My workouts now are a lot better now.  At least I think so, you may have to talk to some of my clients to really find out.  My organization is better, the goal of the session is more pronounced, and just the overall vibe from the program is better.  I guess that's also experience, but Ive also committed to learning a lot more about many different things.  Since I've started my career, I've stayed not only on top of research through NSCA articles, but also new trends in fitness, like TRX, ViPR, kettlebells, and group training.  I think that non-stop drive to learn and be taught has helped me grow as a trainer. 

How have you changed over the past 3 or 4 years?  Different habits? Different opinions?  Different lifestyle?
Maybe you've tried to lead a more healthy lifestyle? 

Let me know

Thursday, October 18, 2012

2.5 Minutes

Is that all you need to get in shape? In a recent study from Colorado State University and the University of Colorado, it was shown that in just 2.5 minutes of intense exercise, an extra 200 calories are burned during that day. (for you science people that like to see the study).

Notice I didn't say during the actual exercise. Over the course of the day, the uptick in metabolism is accounting for that calorie burn.

In this study, participants sprinted on a bike for 30 seconds at an all out effort with a 4 minute recovery. They did this 5 times. Essentially a typical interval training workout. What researchers discovered was that the participants burned an extra 200 calories on those workout days.
An extra 200 calories from just 2.5 minutes of hardcore work? Seems like a good trade off to me.

Now what I don't want you to do is go overboard and say "if 2.5 minutes is good, then 60 minutes must be even better.". When it comes to intervals, intensity and rest are essential. The sprint part needs to be all out, and if you reach a point where that is no longer possible, then what's the point of continuing?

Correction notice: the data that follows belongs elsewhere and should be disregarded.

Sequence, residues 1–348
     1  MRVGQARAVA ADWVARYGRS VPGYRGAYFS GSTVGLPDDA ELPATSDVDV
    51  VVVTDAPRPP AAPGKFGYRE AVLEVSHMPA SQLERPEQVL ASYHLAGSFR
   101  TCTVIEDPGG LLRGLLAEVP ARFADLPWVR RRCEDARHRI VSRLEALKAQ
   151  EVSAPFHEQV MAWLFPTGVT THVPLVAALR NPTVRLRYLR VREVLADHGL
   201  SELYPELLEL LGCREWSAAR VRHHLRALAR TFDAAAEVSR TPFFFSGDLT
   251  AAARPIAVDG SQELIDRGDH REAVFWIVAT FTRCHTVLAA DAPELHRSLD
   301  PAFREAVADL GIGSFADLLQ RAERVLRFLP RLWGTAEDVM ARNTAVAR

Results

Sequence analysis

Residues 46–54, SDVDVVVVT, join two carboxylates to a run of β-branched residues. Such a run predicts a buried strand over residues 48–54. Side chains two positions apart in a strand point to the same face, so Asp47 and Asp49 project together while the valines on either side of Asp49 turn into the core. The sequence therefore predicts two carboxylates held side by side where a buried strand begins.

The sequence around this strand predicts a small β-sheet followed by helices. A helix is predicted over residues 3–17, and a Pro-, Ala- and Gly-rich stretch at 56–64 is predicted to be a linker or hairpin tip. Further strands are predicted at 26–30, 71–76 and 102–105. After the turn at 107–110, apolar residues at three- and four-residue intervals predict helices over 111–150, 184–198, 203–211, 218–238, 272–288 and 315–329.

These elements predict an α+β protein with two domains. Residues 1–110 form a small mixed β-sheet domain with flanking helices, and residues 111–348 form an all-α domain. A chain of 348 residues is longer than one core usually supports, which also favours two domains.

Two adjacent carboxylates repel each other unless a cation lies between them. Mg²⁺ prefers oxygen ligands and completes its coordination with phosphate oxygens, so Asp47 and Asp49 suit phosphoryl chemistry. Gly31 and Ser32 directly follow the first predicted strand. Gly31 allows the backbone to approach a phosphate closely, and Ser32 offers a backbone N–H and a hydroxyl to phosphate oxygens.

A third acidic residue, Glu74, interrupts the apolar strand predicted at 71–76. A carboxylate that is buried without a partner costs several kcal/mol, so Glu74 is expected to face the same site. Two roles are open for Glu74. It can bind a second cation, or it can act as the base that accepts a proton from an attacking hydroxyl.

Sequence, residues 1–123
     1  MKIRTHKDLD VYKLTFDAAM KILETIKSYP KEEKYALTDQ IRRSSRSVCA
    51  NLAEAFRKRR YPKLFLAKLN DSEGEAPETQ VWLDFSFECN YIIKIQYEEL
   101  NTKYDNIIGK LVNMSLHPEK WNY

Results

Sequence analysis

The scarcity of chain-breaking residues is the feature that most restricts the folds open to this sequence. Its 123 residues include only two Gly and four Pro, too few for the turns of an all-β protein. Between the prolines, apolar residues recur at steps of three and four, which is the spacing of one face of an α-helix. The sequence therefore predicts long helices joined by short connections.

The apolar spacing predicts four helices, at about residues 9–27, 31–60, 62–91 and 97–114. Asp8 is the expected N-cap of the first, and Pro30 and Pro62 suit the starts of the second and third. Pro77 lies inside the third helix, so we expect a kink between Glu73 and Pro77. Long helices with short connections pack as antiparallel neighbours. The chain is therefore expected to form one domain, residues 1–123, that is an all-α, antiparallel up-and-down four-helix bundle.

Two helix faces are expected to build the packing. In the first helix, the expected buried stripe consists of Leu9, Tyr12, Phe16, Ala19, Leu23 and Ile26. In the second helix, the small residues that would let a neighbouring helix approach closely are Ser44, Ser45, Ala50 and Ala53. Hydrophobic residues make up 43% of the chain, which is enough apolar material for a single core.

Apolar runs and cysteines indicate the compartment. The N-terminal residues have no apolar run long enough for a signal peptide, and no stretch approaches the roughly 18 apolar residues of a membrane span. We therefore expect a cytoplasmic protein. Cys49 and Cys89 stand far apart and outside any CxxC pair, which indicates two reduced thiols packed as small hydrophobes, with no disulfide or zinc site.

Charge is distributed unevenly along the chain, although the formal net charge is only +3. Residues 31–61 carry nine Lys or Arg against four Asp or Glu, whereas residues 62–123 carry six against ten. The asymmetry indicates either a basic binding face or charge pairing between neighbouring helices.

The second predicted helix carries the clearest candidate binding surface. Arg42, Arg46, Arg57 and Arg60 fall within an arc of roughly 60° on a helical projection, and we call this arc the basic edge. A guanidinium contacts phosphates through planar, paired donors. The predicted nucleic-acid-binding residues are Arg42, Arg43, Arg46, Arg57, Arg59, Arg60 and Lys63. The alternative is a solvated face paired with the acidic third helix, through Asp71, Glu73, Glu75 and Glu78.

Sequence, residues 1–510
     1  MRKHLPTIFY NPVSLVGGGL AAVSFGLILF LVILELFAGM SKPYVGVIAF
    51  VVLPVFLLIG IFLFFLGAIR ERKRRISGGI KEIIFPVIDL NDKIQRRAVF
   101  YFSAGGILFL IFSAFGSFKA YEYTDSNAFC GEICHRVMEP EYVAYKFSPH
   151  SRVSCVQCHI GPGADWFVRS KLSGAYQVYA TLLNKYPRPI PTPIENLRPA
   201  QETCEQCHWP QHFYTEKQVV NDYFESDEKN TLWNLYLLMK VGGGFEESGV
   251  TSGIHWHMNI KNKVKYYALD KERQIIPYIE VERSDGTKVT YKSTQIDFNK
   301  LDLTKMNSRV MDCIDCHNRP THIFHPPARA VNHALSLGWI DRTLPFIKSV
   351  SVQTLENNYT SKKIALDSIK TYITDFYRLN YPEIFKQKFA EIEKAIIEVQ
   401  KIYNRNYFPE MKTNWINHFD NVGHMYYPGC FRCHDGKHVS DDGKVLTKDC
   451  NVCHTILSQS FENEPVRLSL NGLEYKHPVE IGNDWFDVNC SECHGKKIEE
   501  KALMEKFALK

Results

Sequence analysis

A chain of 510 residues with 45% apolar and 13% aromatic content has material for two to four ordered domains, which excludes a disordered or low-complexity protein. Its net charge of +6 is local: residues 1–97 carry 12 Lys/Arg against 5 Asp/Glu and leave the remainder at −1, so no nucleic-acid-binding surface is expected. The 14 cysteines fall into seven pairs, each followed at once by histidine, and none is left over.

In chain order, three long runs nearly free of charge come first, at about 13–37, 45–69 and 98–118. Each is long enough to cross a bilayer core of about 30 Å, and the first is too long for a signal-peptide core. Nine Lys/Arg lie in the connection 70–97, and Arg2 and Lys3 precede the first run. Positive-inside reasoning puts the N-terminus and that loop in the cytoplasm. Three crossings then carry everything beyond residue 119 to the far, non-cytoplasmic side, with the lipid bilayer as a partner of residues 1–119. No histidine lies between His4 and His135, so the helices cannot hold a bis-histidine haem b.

A safe place to start is doing 5-10 intervals for 30 seconds with enough recovery where your heart rate and breathing rate come down. This ensures that you can give a max effort on the next interval.
An even better way to do interval training is by monitoring your heart rate. To do this we need to look at the following formula.

Target Heart Rate = ((max HR − resting HR) × %Intensity) + resting HR

(max HR being 220-AGE)

So for someone looking to do intervals over 85% of their max, we'll look at a 30 year old with resting HR of 60.
THR= ((220-30)-60)* .85 + 60.
THR= 170
So in this example HR should get to 170 to be an effective interval.

As for the rest period, HR should reach below 50% of max. Therefore based on the same formula the THR is 125.

Just another way of doing this workout. Try plugging in your own numbers. Just be sure to take your resting HR as soon as you wake up in the morning. That's when it's at it's lowest.

We used to chart that number over the course of a cross country season to see how our body adapted to training. As the season progressed, the more efficient our bodies got at handling the training, and our resting HR would come down.